Last week the archives welcomed a visit from the university’s retired staff association. As part of their ongoing oral history project they invited their members to a ‘memory day’ in the reading room. Over 30 former staff of the university turned up for what proved to be a very enjoyable afternoon. The event gave us the opportunity to showcase some of our holdings relating to the history of the university. One item which sparked much interest was a copy of Campus, the university newspaper, from May 1974. The front page story headlined “Into battle with Monty Python!” reported that the film makers were looking “for 175 students to take part as extras in a battle scene in the new Monty Python and the Holy Grail film.”
The Pythons arrived in Stirling in April 1974. Location shooting took place at Killin and on Sherrifmuir but the bulk of the film was shot at Doune Castle. The castle was used as the location for a number of key scenes in the film including the memorable ‘Knights of the Round table’ song and dance routine. The invitation to students to appear in the film as extras offered a number of inducements (to make up for the early starting time of 8am on a Saturday morning) including £2 pay, free transport, food and refreshments, and “an added attraction… of an abundance of crazy antics.”
Doune Castle is now a popular destination for movie buffs and Python fans. Indeed it has been estimated that up to a third of its 25,000 visitors a year are there because of the film. It now hosts a very popular Monty Python day every September (coconut shells optional…).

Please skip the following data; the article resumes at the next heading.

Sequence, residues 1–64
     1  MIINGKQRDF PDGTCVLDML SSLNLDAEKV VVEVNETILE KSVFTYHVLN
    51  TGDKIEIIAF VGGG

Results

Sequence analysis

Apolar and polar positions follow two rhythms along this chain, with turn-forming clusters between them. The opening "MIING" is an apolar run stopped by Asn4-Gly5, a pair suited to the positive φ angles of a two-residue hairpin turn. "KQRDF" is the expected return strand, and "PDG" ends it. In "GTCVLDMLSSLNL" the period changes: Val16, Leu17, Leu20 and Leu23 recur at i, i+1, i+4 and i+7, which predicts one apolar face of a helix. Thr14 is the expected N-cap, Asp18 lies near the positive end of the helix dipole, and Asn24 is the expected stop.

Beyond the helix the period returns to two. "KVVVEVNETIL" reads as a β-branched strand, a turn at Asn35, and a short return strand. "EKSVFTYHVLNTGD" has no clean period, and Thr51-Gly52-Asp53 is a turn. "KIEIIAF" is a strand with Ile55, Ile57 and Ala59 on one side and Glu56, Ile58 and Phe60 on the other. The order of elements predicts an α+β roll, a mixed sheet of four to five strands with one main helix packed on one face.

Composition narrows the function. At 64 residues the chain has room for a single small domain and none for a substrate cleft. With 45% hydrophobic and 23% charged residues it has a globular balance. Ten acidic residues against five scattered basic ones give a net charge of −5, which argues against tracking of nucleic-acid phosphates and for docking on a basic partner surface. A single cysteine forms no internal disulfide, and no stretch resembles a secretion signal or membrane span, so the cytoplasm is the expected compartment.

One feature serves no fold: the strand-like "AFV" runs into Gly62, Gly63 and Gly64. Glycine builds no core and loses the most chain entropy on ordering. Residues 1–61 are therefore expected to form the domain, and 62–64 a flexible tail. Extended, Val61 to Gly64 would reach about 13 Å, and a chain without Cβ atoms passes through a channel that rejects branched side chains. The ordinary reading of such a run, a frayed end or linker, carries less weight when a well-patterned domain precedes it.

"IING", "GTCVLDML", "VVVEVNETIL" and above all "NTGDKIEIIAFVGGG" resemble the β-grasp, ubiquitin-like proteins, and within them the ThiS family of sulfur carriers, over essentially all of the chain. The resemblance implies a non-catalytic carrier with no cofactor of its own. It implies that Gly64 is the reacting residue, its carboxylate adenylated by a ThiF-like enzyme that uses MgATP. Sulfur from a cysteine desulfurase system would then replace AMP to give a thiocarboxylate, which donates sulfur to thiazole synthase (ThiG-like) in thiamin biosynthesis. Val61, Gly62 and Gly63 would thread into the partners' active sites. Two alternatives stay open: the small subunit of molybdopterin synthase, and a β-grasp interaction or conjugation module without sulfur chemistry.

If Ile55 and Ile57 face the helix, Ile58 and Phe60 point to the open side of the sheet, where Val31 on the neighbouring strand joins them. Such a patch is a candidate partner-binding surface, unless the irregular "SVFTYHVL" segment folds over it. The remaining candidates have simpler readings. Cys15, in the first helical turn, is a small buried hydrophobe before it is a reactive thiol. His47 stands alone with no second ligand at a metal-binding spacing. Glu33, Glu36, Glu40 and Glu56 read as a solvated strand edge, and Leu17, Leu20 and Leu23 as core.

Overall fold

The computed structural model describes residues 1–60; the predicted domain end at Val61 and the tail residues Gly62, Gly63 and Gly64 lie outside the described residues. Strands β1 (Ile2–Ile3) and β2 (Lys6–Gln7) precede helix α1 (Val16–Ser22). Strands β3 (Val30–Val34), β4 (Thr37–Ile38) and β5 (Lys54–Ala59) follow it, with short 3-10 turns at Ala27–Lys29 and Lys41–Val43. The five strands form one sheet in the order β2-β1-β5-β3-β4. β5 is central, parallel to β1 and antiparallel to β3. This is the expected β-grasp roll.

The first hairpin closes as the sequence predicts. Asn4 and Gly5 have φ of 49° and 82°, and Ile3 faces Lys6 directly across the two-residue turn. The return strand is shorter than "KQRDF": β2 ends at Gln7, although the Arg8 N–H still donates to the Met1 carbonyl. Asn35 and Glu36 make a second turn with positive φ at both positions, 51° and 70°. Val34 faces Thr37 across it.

The University Archives holds a collection of material relating to the Stirling-born filmmaker Norman McLaren including over 400 letters he wrote to his parents in Stirling over a 30 year period beginning in 1936. The letters were written on a regular, sometimes weekly, basis and include information on the development of his career, accounts of his travels and discussions of his work, alongside family business and personal information.
In 1949 McLaren was invited by UNESCO to travel to China to teach young Chinese artists how to make animated films as part of a project to improve the health of China’s rural population. McLaren’s adventure started pleasantly enough, travelling from his home in Ottawa, Canada, (where he worked at the National Film Board) west across the Pacific. He stopped off at Honolulu which he described in a letter to his parents as “utterly bewitching, no place for a Scot with a buried Presbyterian conscience to remain!” From the tropical paradise of Hawaii McLaren continued on to Tokyo, a city still struggling to rebuild itself in the aftermath of the Second World War. He kept a detailed journal of his trip and noted the poverty and destruction still clearly visible in Japan’s capital.